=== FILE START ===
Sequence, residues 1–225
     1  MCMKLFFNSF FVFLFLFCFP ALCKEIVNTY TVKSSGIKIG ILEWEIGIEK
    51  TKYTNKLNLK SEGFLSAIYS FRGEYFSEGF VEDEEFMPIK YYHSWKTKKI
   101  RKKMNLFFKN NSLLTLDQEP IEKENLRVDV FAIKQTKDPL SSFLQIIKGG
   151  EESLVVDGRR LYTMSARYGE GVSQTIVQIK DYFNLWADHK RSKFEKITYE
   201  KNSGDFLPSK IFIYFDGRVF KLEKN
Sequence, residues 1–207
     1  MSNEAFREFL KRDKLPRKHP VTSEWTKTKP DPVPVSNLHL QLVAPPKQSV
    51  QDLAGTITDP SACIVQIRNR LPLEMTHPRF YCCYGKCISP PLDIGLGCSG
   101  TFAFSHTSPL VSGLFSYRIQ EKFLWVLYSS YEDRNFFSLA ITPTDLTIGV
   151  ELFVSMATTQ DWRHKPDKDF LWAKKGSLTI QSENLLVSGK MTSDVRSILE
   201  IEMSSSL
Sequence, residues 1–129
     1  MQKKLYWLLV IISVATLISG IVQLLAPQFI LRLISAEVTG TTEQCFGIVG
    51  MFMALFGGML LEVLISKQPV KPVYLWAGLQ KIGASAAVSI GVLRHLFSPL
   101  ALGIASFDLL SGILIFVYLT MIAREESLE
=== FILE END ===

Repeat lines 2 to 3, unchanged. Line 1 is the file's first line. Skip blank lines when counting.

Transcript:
     1  MCMKLFFNSF FVFLFLFCFP ALCKEIVNTY TVKSSGIKIG ILEWEIGIEK
    51  TKYTNKLNLK SEGFLSAIYS FRGEYFSEGF VEDEEFMPIK YYHSWKTKKI